Dementamania review

The first indication that something is not quite right with Edward Arkham (Robertson) is his name. It calls to mind Edward Nygma and the asylum which housed him in the Batman universe; a deeply problematic psychosis or a riddle perhaps?

Arkham is deeply unhappy and frustrated with the monotony of the mundane day-to-day; no girlfriend, job dissatisfaction and in the morning of Dementamania’s opening, he steps on a wasp-like bug, the sting of which embeds itself in his foot. Ed continues his working day, teased and generally annoyed by colleagues Pablo (van Twillert) and Stephen (Cozens) and terrorised by visions. Then the mysterious Nicholas Lemarchand (Regan) shows up and things take a more bizarre turn and Ed’s grip on reality starts to diminish.

Dementamania starts promisingly enough; the establishing point-of-view shot of the insect flying out of the slashed wrist of a corpse is stylishly done, and anybody stuck in a soul-destroying 9-to-5, believing they deserve more than the life they currently lead would do well not to identify with the protagonist, even briefly but then it all starts to unravel. Some of the issues stem from the leading man, Robertson (Coronation Street, Beaver Falls) is rather bland and lacks the ability to convey true emotion, even menace, and all of his expressions and actions appear to be an effort.  He is reminiscent of a more charmless Dominic Cooper which is a real shame; even Patrick Bateman was beguiling in his own twisted way.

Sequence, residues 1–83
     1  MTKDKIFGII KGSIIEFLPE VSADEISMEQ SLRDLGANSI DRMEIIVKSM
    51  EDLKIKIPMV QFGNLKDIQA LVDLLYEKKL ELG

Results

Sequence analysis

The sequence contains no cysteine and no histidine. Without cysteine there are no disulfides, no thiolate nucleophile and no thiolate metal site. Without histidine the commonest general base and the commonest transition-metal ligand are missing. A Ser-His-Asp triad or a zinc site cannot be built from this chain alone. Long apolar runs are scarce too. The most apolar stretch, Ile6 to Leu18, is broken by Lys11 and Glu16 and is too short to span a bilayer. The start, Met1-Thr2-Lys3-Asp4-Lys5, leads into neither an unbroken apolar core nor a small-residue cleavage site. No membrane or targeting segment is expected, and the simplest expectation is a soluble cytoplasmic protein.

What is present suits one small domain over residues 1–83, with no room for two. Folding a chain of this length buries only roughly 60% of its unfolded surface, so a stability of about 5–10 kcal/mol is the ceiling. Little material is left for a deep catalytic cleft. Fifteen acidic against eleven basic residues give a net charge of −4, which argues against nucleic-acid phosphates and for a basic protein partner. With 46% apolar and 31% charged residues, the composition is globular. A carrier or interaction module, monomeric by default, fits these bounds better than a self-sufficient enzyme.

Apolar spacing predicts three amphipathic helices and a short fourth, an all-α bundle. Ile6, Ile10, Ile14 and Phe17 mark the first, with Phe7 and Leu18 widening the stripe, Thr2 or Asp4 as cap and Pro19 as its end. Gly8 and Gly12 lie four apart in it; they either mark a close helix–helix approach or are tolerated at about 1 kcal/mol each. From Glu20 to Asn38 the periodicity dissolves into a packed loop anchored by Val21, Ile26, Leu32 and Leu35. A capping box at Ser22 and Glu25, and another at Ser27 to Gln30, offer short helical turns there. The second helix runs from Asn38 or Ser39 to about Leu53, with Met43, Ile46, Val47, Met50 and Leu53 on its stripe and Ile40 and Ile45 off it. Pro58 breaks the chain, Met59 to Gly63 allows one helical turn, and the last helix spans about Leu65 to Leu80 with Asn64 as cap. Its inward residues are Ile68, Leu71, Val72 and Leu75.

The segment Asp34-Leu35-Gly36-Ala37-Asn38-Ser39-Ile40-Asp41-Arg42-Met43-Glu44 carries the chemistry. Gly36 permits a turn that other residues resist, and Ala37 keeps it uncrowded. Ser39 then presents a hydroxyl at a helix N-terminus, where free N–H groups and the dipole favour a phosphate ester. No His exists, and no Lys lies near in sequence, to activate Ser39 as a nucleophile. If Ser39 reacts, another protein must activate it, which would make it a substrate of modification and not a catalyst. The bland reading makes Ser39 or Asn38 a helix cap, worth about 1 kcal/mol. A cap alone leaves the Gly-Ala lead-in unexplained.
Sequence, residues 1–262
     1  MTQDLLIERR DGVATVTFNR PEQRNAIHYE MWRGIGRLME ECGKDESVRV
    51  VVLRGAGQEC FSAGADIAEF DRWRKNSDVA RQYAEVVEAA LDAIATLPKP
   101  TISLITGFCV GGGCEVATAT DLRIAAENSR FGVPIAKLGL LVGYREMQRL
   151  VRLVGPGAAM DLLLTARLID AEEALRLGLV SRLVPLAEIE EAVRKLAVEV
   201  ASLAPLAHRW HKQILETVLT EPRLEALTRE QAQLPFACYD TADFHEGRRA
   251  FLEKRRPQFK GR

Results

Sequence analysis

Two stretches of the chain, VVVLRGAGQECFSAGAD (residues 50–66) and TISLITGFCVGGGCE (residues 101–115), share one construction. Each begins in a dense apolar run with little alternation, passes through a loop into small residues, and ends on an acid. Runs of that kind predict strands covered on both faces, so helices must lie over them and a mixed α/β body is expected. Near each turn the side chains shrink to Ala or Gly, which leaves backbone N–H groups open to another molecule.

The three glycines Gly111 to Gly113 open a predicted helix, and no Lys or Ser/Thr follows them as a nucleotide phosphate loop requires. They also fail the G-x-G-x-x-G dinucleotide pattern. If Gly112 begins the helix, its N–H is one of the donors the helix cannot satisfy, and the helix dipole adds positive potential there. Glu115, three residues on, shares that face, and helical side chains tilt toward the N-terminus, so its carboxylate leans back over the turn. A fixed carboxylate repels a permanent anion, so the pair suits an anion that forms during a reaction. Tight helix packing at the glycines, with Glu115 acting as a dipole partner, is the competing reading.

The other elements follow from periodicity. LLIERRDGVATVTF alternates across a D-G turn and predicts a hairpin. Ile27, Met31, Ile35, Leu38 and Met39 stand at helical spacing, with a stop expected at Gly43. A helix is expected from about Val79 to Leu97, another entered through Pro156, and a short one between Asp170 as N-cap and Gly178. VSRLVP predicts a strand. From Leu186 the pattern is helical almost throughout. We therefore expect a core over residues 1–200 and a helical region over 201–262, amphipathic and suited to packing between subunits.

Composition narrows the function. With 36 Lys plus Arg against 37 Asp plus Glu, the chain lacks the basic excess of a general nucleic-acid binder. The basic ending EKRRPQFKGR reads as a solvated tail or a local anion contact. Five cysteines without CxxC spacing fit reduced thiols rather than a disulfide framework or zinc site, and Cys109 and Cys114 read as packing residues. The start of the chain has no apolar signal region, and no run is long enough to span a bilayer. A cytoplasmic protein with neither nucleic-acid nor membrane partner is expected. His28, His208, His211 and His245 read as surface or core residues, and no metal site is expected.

The film delivers an early promise of a body horror, like Cronenberg’s The Fly, and it is easy to draw parallels with American Psycho, but then it all gets a little Faustian and Jekyll and Hyde and the viewer is left with the distinct impression that director Ryan (Botched) is merely borrowing heavily from other films. By the disappointing, anti-climactic dénouement (which is wrapped up all too conveniently) Dementamania is less of an allegorical conundrum and more like a big old mess.

Hel Jones is a Screenjabber contributor

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